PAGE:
On 20 July 1969, Neil Armstrong and Edwin ‘Buzz’ Aldrin took their first steps on the moon, becoming the first people ever to do so. This year marks 50 years of that landmark event.
Ahead of the 50th anniversary of Apollo 11’s mission to the moon, we look at one of the oldest fake news about it.
A particular claim surfaces on social media from time to time, saying that the Apollo astronauts: Aldrin, Armstrong and Michael Collins, had to fill out a customs form when they landed on earth, on 24 July 1969.
The posts also say that they were required to declare moon rock as their cargo. Accompanying the posts is a photo of the form that they were required to file, which bears the signature of all the three astronauts.
This message has been viral since 2000, popping up on social media from time to time.
Coming back from the moon, Apollo astronauts had to go through customs and declare moon rock as cargo. pic.twitter.com/989K5nBtk3— History Lovers Club (@historylvrsclub) April 8, 2018
The Apollo astronauts had to clear customs.— Joe Wright ⚓️ (@realjoewright) July 16, 2019
When they came back.
From the Moon. https://t.co/V2h2iZf3Pc
WHAT'S THE TRUTH BEHIND THIS?
Many people have shared this over the years, believing that the astronauts were actually required to fill in these forms on their return to earth.
However, while this form is authentic, it was meant as a joke. It was made available in 2009, to mark the mission's 40th anniversary and SPACE.com obtained a copy and had it verified by NASA.
"Yes, it's authentic," NASA spokesperson John Yembrick told SPACE.com. "It was a little joke at the time," he added.
According to the SPACE.com report, this move was "humour than fact" because Apollo 11 landed 1,480 km southwest of Hawaii and 21 km from the USS Hornet, a Navy ship sent to recover the crew. It took them two more days to reach Hawaii on 26 July.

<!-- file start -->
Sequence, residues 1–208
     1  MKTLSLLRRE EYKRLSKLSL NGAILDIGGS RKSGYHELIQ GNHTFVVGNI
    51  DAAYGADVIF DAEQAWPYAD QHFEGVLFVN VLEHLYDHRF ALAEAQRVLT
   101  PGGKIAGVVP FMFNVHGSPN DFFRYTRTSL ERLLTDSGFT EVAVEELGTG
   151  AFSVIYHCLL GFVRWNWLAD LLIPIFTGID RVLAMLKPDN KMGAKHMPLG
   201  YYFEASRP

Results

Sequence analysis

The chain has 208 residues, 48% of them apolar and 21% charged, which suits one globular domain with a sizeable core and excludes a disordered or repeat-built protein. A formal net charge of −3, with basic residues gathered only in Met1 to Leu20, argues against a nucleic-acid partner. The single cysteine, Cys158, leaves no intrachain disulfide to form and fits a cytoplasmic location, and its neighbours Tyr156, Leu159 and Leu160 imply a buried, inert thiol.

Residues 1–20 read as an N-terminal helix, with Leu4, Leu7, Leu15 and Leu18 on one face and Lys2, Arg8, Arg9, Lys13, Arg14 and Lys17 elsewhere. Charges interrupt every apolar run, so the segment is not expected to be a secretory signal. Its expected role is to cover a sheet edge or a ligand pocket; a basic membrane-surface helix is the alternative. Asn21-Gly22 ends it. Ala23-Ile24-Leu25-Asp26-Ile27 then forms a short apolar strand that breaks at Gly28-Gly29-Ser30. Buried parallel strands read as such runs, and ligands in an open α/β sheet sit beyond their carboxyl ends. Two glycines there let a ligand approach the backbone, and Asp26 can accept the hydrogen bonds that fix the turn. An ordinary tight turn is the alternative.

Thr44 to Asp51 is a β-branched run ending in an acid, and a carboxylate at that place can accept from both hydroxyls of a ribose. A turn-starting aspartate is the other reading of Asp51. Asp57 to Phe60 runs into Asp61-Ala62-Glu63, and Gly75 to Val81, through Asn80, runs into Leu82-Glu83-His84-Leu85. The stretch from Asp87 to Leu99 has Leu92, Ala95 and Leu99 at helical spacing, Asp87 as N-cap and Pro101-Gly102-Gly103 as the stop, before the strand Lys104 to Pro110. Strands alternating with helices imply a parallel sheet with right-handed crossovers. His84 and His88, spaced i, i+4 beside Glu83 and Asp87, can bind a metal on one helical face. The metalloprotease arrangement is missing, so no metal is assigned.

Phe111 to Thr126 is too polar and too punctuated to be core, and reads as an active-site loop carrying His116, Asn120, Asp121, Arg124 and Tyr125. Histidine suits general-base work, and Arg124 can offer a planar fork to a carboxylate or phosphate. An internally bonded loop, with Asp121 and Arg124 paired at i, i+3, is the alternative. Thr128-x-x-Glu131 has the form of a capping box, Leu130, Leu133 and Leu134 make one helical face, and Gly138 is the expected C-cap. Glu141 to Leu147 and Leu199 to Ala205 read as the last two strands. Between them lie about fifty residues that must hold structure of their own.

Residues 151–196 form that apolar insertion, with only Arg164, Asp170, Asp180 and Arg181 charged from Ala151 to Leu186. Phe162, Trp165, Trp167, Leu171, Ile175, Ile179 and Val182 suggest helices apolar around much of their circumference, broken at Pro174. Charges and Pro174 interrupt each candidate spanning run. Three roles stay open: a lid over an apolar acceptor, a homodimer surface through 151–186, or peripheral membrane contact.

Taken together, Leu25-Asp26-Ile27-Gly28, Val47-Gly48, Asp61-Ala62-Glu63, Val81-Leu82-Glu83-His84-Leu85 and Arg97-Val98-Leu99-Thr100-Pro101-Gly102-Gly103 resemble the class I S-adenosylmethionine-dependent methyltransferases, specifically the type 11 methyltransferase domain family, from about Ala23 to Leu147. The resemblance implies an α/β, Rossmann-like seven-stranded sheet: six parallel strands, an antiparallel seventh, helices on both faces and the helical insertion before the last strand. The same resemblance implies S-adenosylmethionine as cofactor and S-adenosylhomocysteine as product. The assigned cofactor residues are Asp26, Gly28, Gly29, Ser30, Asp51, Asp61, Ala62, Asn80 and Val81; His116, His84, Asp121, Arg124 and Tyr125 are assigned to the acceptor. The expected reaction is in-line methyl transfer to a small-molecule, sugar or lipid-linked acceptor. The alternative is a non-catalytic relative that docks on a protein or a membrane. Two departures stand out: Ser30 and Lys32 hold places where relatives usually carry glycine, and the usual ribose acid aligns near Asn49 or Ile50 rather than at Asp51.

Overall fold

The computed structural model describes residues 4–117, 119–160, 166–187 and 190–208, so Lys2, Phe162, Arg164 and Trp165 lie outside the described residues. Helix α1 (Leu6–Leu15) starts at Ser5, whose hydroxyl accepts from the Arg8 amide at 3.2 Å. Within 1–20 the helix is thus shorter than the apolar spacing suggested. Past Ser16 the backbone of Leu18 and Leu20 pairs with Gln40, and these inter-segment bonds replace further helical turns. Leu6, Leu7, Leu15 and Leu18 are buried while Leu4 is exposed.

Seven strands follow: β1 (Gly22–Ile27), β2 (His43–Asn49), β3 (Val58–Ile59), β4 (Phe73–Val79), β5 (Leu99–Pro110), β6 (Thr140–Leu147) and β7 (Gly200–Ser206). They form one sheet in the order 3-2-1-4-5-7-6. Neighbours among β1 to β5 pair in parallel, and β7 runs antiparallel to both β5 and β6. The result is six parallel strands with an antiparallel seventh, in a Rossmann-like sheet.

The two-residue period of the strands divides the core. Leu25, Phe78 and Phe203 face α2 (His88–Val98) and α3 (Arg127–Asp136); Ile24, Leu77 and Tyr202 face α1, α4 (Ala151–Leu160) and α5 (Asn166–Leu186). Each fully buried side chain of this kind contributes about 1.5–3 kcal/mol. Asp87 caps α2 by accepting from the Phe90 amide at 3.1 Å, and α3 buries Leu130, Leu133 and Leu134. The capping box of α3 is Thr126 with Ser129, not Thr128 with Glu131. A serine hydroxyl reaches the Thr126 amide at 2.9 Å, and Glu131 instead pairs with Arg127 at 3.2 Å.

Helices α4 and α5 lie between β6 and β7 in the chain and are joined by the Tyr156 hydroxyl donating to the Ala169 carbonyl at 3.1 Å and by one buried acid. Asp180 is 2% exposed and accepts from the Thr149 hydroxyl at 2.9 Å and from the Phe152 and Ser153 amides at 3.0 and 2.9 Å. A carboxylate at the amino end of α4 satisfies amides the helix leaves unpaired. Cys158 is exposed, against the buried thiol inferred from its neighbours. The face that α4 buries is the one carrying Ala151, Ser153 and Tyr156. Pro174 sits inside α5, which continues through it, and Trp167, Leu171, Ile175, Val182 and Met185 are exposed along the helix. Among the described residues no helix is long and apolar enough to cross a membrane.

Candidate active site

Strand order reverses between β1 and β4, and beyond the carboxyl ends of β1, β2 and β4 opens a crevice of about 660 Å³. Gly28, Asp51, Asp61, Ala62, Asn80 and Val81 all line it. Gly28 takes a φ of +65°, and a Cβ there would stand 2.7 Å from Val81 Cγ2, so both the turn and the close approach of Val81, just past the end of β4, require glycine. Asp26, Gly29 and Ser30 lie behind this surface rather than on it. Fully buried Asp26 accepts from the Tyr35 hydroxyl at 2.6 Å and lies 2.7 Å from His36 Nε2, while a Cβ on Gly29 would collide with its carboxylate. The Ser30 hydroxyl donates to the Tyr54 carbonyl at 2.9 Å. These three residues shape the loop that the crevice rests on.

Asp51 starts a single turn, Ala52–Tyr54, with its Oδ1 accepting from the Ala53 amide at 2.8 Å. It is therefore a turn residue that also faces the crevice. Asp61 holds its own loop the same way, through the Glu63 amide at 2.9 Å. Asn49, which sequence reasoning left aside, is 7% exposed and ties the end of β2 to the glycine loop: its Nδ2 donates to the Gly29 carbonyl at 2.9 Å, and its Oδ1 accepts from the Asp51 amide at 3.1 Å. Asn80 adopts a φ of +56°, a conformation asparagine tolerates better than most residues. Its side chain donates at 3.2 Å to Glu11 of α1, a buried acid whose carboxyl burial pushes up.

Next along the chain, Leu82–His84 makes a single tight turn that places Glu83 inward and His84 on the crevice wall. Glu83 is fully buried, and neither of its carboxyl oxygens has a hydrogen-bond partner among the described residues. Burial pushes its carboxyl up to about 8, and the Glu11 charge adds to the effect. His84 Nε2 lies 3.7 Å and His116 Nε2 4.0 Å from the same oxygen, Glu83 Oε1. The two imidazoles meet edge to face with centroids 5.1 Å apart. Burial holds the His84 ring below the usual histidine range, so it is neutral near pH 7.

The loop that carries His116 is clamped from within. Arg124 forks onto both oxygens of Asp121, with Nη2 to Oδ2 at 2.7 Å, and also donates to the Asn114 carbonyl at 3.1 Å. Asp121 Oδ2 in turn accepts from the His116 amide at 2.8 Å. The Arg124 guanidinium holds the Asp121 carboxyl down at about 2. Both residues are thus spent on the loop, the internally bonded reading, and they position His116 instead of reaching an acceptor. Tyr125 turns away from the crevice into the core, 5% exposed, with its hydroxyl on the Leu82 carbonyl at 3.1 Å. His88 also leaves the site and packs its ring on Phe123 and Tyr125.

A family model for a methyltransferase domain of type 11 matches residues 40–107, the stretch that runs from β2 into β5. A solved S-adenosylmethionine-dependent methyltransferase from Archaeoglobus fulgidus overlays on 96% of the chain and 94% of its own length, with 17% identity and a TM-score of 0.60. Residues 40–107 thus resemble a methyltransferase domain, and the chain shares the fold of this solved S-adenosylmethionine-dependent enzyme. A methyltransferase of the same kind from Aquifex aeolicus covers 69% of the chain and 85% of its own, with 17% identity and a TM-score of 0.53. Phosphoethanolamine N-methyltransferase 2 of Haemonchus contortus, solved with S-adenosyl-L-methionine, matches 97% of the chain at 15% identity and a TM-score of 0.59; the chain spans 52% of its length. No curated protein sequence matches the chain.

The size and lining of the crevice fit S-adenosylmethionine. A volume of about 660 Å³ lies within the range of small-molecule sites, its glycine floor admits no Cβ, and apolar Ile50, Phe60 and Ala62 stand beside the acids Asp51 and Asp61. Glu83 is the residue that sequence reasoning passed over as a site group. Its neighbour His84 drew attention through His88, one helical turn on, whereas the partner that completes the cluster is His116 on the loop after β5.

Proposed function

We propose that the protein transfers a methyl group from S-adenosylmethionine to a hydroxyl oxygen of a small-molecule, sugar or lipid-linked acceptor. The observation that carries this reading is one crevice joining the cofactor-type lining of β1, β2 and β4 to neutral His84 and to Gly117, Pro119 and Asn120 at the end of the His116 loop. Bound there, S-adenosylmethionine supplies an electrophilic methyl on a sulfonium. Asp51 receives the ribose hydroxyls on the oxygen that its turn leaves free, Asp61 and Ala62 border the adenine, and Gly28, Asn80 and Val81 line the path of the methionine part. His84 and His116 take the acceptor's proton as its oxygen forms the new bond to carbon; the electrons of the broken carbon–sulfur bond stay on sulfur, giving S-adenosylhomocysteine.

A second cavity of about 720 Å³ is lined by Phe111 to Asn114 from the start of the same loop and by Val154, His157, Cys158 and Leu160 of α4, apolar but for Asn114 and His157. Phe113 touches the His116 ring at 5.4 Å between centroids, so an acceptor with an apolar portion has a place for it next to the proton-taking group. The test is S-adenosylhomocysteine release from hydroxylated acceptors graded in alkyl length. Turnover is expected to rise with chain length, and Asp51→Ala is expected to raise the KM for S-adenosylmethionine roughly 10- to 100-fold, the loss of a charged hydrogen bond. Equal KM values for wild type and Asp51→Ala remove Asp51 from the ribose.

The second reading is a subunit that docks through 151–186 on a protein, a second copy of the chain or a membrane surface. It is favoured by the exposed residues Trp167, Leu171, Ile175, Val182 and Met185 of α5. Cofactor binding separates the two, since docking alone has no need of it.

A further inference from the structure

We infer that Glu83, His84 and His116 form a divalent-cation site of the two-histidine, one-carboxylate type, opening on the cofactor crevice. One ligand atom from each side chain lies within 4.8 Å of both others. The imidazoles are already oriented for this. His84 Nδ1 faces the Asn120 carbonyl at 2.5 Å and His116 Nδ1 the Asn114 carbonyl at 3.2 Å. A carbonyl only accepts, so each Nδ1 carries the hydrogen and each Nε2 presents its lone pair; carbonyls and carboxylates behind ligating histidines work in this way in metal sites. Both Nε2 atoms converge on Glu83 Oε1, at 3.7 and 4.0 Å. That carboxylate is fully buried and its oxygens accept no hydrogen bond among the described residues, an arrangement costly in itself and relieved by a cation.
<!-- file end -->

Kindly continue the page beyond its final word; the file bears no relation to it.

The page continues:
Today though, NASA astronauts actually have to go through customs, but only because when headed for the International Space Station, they are required to train in Japan, Canada, Europe and Russia in order to become accustomed to the different systems, modules and tools they will be using while at the space station.
Now, if you think this was interesting to read and you're eager to know more around this topic, here's a roundup of some of the fake news around space, the moon and lunar eclipses.
Fake Claim 1: Two Moons in the Sky?
A claim in 2018 said that there would be two moons in the sky on 27 July, adding that the next time the cosmic event would happen again would be in 36,996.
“On July 27, around midnight, do not forget to raise your head and look into the sky: Mars will be the most brilliant star in the sky. This is because it will have an apparent diameter as big as the Full Moon! It will be possible to observe, with the naked eye, a cosmic phenomenon which will allow the inhabitants of the Earth to behold… two moons!” the claim said.
The article by Science.info.news further said, "Share this information as much as possible with your friends because NO human being alive today will be able to behold this incredible phenomenon a second time."
Many people shared this article as well.
A cosmic event that only happens every 35,000 years: July 27, 2018, the planet Mars will be as big as the Moon https://t.co/daCPKiYX6R— Stefan Hertel (@StefanHertel1) July 26, 2018
I have dreamt of two moons in the sky repeatedly throughout my life especially as a child...and it will now come to pass in my lifetime... no coincidence there... As Neptune is Conjunct my Jupiter in Pisces and Saturn is Conjunct my Fourth... https://t.co/n9F4H9CSmW— AfroGoddess (@Afro_Goddess_) July 26, 2018
Yes, Mars was making its closest approach to Earth in 15 years at the time. But no, the red planet was not supposed to be as big as the moon in the night sky on 27 July, as the hoax article claimed.